Up at the Villa, Paperback
3.5 out of 5 (3 ratings)


Mary Panton walls up her desires in a beautiful villa high up in the hills above Florence, as she calmly contemplates her disastrous marriage.

But a single act of compassion begins a nightmare of violence that shatters her serenity.

She turns for help to the notorious Rowley Flint, and through him comes to realise that to deny love, with all its passions and risks, is to deny life itself.




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Showing 1 - 3 of 3 reviews.

Review by

Loved this novella by W. Somerset Maugham. Beautifully written didn't want it to end.

Review by

A pleasing - if slight - tale. This is the fourth book I have read by W. Somerset Maugham, and follows Of Human Bondage, Ashenden and Christmas Holiday which were all excellent. I am now intent on reading all his works. This is a long short story, or a short novel, and I read it in less than a day, and really enjoyed it. The other books I have read by W. Somerset Maugham were, to one degree or another, autobiographical. I doubt this contains any biography - although the location (Florence and the surrounding countryside) are doubtless drawn from first-hand experience.The story manages to touch on love, tragedy, violence, loyalty, career, responsibility, politics, and refugees. W. Somerset Maugham manages to pack a lot of plot into just 120 pages.

Review by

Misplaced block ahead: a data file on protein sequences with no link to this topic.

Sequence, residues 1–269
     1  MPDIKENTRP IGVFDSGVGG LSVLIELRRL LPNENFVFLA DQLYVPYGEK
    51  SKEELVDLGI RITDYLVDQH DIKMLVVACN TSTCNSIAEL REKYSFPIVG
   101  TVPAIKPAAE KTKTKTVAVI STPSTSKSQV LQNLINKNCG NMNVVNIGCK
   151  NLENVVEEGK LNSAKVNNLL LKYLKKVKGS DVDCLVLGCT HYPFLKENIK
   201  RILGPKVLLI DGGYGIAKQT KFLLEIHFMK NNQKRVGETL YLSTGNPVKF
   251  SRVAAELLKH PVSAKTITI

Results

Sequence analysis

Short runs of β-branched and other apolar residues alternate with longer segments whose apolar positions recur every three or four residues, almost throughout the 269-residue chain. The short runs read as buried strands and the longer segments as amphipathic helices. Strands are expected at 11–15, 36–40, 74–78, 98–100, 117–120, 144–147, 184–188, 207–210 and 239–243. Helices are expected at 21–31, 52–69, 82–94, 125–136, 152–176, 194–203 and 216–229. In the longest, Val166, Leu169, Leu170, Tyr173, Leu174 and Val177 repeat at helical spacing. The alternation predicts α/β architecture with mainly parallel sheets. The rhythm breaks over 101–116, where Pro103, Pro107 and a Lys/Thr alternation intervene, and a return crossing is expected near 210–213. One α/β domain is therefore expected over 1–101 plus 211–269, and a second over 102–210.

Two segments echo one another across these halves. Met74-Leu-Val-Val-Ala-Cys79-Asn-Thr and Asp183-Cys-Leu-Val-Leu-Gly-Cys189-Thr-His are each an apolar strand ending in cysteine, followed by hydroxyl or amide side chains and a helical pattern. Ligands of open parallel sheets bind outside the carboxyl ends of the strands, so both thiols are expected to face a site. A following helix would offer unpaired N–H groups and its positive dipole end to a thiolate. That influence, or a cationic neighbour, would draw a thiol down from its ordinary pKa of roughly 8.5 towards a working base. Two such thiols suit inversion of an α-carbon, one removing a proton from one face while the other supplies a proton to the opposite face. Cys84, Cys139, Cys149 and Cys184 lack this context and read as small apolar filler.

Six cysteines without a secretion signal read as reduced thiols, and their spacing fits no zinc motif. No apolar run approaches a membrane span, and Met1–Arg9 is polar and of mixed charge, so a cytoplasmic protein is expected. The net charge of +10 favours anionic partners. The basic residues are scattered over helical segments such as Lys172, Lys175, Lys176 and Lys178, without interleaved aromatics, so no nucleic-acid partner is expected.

I remember being in a café with a friend once when a guy walked in who obviously had some kind of mild disability to do with his legs – he hobbled over to a table and sat down heavily, and then looked around him at the greasy spoon with an air of deep depression. Amy stared at him and sighed and said, ‘I wish I was really really pretty so I could be a little moment of happiness in his day.’ I remember being surprised, because it sounded, somehow, like something a female character would say in a book written by a male author, rather than in real life.This sort of cool assessment of how the other sex might see you is quite hard for anyone to pull off; and also, men and women experience it very differently. Hence you often hear men (Kingsley Amis among others) complaining that they can't understand why women find it so offensive to be seen as a sex object when they'd <i>love</i> to be seen that way – apparently not grasping the possibility that it's a lot easier to enjoy some well-intentioned sexual objectification if you're not being subjected to it 24/7 by society at large.I am thinking about all this because <i>Up at the Villa</i> involves a character who has a similar impulse of – well, call it generosity or condescension, depending on your mood – concerning her own attractiveness, and which proves pivotal to the plot. She's a young window, who's just had two proposals of marriage, and doesn't feel particularly inspired by either of them. But it's made her very aware that she has something men want.<i>‘I should be a fool if I didn't know I was prettier than most women. It's true that sometimes I felt that I had something to give that might mean a great deal to the person I gave it to. Does that sound frightfully conceited? […] My poor Rowley, you're the last man I would ever have had an affair with. But I've sometimes thought that if I ever ran across someone who was poor, alone and unhappy, who'd never had any pleasure in life, who'd never known any of the good things money can buy – and if I could give him a unique experience, an hour of absolute happiness, something that he'd never dreamt of and that would never be repeated, then I'd give him gladly everything I had to give.’</i>If you're objecting that this sounds unworkable, or patronising, or that sex should be a mutual experience rather than something ‘given’ by a woman to a man, then this slim novella may well be for you, because it explores the possible consequences of this attitude in detail – not without a considerable touch of melodrama, but nonetheless in a way that raises some interesting issues.The setting is the hills around Florence, sparsely but nicely described, and the period is apparently just before the Second World War, or possibly sometime near the beginning of it. The war itself is never mentioned, but the setting must be after 1938 because one character has fled Austria after the Nazi invasion, two of his friends having been shot in the process. (‘It all sounds rather horrible,’ comments our heroine…um, well yes, Mary, I suppose that's one way to describe the <i>Anschluß</i>, yes, ‘rather horrible’.)Sexual politics among wealthy Brits abroad might sound like the height of inconsequential bullshit, but although this is a little heavy-handed in parts, I thought it was enjoyable. It's slight enough that you can bomb through the whole thing in a ninety-minute train journey – from King's Cross to Lincoln Central, say, including a change at Newark – and it makes me interested to read some of Maugham's better-known works.

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